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Data from: Improving accuracies of genomic predictions for drought tolerance in maize by joint modeling of additive and dominance effects in multi-environment trials

Citation

Dias, Kaio Olímpio Das Graças et al. (2017), Data from: Improving accuracies of genomic predictions for drought tolerance in maize by joint modeling of additive and dominance effects in multi-environment trials, Dryad, Dataset, https://doi.org/10.5061/dryad.ps22r

Abstract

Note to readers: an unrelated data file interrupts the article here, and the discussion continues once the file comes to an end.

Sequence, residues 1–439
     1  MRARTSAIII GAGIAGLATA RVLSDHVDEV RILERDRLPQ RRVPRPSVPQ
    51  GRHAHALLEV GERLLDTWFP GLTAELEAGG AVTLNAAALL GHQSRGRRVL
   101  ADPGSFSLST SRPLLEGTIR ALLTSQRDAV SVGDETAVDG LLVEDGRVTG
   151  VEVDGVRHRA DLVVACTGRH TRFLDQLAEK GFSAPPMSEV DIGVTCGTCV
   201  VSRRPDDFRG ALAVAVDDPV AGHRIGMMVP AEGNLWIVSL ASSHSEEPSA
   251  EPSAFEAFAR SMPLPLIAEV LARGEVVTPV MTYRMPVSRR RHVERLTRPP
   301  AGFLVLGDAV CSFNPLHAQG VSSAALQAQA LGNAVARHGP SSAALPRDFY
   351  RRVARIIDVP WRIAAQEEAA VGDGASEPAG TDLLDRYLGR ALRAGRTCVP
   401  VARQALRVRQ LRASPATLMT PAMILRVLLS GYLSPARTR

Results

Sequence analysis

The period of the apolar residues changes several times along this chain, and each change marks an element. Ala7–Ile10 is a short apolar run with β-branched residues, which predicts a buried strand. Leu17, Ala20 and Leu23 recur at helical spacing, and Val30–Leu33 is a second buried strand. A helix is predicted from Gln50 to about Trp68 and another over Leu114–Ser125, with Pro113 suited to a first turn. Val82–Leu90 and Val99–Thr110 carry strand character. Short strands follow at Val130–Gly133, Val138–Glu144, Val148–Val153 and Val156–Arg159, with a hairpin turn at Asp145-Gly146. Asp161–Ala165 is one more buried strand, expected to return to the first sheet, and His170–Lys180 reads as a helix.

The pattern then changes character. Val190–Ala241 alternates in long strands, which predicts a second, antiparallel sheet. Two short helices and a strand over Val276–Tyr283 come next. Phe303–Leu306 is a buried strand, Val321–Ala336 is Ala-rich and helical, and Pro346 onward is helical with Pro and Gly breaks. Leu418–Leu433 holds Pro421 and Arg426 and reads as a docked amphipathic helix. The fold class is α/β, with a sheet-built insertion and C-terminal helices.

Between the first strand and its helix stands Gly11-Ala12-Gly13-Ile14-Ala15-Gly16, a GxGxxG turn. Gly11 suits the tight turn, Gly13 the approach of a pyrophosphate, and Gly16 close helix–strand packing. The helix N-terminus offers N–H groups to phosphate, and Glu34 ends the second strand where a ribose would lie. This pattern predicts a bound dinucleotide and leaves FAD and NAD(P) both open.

Breeding for drought tolerance is a challenging task that requires costly, extensive and precise phenotyping. Genomic selection (GS) can be used to maximize selection efficiency and the genetic gains in maize (Zea mays L.) breeding programs for drought tolerance. Here we evaluated the accuracy of genomic selection of additive (A) against additive+dominance (AD) models to predict the performance of untested maize single-cross hybrids for drought tolerance in multi-environment trials. Phenotypic data of five drought-tolerance traits were measured in 308 hybrids in eight trials under water-stressed (WS) and well-watered (WW) conditions over two years and two locations in Brazil. Hybrids’ genotypes were inferred based on their parents’ genotypes (inbred lines) using single nucleotide polymorphism data obtained via genotyping-by-sequencing. GS analyses were performed using genomic best linear unbiased prediction by fitting a factor analytic (FA) multiplicative mixed model. Results showed differences in the predictive accuracy between A and AD models for the five traits under consideration in both water conditions. For grain yield (GY), the AD model doubled the predictive accuracy in comparison to the A model. FA framework allowed for investigating the stability of additive and dominance effects across environments, as well as the additive- and dominance-by-environment interactions, with interesting applications for parental and hybrid selection. Prediction performance of untested hybrids using GS that benefit from borrowing information from correlated trials increased 40% and 9% for A and AD models, respectively. These results highlighted the importance of multi-environment trial analysis with GS that incorporate dominance effects into genomic predictions of GY in maize single-cross hybrids.

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